Economy of creativity: a “new Venice” in a club of friends with benefits
Axiom of steel: for every problem that affects humanity, there is an article on Medium (or similar platform) that claims there is a solution to that calamity with Web3. The new wave of decentralization that many predict in the digital field (of which bitcoin and the rest of the cryptocurrencies are just the tip of the iceberg) is a proposal to moderate climate change, reduce corruption and poverty, improve political representation and much more.
Among the areas in which there is more enthusiasm is the economy of creativity (or attention or passion). Specialist Li Jin (formerly of the Andreessen fund, now with her own VC) recently wrote a summary of the opening field of opportunity, co-authored with Katie Parrot, titled The Web3 Renaissance: A Golden Age for Content. It begins with a prediction by Bill Gates from 1996, who in a classic essay on the early internet argued that for the network to reach its full potential, content creators should be paid according to their work. “Long-term prospects are good, but there will be a lot of disappointment in the short term,” the Microsoft founder predicted.
Some 25 years later, much of this “disappointment” has to do with a business model in which platforms and very few players get the lion’s share: 90% of Spotify royalty payments go to 1.4% of musicians, and the same goes for other creative areas. “The creative class is among the most under-monetized sectors of Web2 – capturing very little of the value it generates,” says Chris Dixon, another expert on the subject.
“The average American spends a third of the day listening to music for streaming and, nevertheless, less than 1% of the musicians can live from this channel”, add. At the time, Marc Andreessen called the original sin of the Internet the difficulties and frictions for the movement of money on the network, which ended up consolidating a suboptimal model based on advertising, which benefited the large platforms.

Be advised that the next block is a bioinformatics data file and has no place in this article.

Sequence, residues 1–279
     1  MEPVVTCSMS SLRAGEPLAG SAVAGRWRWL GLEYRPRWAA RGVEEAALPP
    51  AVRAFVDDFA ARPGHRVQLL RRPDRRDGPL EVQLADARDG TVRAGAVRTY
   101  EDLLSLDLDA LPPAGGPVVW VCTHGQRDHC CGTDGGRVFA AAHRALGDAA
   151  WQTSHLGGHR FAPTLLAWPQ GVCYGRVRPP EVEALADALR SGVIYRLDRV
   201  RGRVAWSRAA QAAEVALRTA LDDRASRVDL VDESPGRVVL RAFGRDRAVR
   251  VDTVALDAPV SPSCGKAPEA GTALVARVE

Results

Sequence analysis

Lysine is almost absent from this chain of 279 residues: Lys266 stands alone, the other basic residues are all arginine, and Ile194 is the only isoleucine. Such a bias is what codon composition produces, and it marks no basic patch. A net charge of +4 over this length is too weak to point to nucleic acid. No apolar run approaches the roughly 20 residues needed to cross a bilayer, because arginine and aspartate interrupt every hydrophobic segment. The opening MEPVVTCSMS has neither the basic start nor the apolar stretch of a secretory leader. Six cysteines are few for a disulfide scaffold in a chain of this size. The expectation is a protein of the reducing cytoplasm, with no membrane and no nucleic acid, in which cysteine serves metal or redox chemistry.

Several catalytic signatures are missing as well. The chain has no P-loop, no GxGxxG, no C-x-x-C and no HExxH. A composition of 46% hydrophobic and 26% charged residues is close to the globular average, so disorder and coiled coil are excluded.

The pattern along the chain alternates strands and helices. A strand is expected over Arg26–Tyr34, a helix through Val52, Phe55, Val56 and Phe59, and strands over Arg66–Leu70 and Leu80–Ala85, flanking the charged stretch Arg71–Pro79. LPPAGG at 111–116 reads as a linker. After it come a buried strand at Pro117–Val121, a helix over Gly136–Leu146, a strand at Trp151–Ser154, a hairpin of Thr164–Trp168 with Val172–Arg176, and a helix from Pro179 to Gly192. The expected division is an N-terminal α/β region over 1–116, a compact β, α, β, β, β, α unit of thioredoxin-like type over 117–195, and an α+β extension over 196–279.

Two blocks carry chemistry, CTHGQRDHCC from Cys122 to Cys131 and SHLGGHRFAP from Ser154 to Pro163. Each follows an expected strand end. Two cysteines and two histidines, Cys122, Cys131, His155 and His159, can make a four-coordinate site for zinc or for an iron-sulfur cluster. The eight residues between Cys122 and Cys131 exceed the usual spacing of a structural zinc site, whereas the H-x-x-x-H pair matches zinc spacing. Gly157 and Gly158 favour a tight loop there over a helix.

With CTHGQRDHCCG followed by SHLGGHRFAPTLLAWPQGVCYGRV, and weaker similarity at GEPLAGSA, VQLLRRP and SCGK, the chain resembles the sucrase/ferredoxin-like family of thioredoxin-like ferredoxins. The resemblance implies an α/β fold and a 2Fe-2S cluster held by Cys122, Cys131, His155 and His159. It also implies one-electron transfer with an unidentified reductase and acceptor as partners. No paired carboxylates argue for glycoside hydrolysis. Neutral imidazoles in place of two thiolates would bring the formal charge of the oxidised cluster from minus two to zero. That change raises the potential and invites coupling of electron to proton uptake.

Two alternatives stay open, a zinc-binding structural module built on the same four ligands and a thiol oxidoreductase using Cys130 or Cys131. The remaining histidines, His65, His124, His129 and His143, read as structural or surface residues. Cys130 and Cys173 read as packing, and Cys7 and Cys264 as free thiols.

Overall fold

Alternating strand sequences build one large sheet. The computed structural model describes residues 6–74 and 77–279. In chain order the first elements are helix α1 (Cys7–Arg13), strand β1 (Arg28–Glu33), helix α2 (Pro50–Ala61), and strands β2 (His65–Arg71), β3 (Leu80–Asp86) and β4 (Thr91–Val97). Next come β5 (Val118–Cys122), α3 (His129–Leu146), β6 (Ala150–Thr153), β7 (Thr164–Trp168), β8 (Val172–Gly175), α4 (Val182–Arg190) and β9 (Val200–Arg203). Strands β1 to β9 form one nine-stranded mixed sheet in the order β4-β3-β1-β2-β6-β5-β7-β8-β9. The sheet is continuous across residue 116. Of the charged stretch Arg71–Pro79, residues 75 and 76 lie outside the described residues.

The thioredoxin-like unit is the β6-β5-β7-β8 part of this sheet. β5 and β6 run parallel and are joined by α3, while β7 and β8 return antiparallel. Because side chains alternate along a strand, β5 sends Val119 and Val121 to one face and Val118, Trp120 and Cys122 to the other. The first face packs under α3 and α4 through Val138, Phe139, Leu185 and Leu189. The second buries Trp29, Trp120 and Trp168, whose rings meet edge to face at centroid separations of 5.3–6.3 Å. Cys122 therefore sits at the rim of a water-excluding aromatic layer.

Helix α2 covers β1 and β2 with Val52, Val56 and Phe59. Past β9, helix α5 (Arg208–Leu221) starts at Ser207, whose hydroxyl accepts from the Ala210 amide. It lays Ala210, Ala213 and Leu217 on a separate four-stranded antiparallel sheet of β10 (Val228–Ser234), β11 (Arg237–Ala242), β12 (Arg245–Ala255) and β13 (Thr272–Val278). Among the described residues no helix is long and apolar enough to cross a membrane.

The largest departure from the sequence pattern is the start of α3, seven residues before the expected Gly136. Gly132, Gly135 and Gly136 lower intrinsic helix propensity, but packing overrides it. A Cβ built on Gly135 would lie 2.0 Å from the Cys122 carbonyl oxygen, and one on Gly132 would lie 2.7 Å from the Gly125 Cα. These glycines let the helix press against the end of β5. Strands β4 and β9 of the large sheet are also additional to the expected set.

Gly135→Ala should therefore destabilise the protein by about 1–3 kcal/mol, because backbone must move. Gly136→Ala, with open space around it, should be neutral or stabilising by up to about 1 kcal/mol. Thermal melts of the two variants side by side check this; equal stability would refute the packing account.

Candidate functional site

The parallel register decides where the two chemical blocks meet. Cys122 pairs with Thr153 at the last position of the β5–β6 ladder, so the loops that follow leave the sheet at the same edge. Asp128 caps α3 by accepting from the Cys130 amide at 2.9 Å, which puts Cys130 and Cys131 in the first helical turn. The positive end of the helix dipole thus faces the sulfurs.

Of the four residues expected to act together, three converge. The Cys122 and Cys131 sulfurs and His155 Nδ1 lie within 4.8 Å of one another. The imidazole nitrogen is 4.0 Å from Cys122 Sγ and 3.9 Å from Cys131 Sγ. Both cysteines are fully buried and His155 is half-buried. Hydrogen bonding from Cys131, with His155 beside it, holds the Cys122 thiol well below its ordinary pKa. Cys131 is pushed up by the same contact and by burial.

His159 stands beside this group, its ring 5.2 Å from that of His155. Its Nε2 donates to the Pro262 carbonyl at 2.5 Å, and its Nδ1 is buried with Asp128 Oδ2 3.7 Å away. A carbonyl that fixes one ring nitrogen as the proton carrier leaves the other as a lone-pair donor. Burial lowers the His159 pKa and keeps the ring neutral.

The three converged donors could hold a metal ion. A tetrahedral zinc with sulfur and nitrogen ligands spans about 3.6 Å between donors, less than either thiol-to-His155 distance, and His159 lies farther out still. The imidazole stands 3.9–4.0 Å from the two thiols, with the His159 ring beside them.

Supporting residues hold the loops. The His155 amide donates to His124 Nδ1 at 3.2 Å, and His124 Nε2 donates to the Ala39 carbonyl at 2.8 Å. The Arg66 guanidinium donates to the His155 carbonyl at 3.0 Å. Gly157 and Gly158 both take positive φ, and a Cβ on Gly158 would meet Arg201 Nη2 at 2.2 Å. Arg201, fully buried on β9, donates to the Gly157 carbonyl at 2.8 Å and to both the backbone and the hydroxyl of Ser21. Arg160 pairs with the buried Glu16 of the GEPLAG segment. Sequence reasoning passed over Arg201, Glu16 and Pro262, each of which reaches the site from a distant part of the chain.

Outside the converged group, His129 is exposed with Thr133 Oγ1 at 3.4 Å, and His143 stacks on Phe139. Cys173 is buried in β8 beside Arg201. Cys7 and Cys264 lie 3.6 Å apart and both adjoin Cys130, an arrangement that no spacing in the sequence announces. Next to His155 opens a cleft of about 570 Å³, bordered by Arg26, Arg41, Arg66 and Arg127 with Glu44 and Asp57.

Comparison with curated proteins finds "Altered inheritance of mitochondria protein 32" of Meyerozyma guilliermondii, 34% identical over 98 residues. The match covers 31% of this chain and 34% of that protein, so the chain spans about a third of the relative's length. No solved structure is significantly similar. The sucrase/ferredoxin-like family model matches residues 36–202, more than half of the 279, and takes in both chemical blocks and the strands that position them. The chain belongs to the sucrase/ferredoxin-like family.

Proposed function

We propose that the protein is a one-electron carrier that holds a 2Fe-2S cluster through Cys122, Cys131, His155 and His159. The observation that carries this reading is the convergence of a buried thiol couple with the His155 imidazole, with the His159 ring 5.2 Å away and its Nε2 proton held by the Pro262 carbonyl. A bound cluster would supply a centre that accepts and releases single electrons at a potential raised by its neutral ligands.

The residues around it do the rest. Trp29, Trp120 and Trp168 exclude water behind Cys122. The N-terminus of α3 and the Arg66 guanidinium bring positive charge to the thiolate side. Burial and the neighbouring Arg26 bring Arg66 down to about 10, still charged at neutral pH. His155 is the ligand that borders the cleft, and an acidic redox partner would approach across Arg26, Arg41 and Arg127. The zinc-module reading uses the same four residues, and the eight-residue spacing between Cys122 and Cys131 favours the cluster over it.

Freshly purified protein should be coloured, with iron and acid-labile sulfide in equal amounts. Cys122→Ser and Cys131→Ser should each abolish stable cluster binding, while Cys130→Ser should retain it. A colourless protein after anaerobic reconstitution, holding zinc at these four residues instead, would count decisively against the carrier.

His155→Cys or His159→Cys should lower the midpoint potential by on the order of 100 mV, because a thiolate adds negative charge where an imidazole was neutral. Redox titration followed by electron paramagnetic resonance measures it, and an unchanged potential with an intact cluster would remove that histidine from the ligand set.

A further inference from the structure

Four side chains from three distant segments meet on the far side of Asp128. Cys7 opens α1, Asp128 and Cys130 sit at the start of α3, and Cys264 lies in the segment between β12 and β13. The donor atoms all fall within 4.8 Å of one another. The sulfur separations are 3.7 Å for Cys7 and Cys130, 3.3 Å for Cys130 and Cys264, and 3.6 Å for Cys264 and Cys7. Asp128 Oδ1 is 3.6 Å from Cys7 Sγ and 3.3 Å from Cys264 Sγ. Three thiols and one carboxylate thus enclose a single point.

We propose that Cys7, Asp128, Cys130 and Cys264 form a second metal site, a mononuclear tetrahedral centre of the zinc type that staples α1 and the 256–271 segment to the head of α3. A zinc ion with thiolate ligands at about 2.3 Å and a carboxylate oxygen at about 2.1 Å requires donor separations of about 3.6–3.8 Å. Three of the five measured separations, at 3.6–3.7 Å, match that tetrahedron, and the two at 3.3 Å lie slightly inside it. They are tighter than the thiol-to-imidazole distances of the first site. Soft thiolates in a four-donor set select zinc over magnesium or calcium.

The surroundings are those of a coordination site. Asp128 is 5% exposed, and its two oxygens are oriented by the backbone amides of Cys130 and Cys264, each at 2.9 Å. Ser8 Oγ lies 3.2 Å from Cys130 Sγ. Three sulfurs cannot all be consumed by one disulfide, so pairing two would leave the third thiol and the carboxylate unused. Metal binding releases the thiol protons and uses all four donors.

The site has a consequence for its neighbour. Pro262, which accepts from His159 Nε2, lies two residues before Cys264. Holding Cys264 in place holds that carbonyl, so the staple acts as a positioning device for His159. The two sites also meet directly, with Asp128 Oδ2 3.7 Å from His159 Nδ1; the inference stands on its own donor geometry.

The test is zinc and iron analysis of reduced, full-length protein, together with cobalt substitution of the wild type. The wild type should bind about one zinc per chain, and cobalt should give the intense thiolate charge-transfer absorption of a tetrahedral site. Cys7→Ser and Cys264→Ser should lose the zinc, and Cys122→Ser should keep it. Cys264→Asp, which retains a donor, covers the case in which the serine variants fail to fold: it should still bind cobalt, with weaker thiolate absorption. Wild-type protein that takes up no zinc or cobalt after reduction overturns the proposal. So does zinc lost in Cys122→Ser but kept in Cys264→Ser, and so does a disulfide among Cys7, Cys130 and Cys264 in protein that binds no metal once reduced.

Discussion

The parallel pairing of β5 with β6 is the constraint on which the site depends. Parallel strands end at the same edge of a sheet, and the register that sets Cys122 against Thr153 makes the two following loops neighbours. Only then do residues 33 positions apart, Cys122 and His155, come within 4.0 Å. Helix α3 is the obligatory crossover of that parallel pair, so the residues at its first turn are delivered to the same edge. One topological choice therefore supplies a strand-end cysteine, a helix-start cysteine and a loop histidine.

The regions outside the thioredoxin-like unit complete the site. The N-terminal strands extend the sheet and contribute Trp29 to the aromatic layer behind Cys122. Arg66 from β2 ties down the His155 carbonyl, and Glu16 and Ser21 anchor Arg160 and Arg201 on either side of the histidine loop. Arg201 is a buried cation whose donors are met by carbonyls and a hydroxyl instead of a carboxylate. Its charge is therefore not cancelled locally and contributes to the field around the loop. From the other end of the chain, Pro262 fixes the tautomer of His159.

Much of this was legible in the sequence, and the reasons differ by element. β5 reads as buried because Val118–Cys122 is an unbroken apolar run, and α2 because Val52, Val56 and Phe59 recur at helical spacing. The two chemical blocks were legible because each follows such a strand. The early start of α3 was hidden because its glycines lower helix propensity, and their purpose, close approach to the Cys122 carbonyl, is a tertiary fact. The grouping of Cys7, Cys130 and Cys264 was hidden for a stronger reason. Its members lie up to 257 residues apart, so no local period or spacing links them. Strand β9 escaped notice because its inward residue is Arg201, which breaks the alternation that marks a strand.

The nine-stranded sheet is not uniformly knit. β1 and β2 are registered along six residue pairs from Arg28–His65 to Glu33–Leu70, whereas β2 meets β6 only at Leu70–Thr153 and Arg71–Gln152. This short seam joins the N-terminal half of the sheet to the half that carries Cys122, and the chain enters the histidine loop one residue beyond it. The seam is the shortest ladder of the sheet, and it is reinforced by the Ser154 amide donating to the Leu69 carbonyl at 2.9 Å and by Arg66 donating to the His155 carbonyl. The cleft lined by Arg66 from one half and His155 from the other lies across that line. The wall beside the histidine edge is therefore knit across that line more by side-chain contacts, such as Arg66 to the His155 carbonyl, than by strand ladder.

What are Web3’s ways of disrupting the business model of creativity? For Li Jin there are four main avenues:
new shortage. Non-Fungible Tokens (NFTs) give pricing power back to creatives, via memberships or sales of unique blockchain-certified digital assets. For Rex Woodbury, tokenization is a much more accurate measure of creative work than followers on Instagram, TikTok, or other networks. This “market capitalization” of each creative gives depth to the real value of each work.
Investment attractiveness. Paying a creative for content becomes an investment (tokens can go up in price) and is no longer pure altruism.
Programmable benefits. Blockchain allows to moderate the effect of “superstar economy” of Web2, where very few keep everything. 90% of the creative work is collaborative, and the new dynamics allow scheduling the distribution of royalties to separate Ethereum accounts (and other cryptocurrencies) much more easily.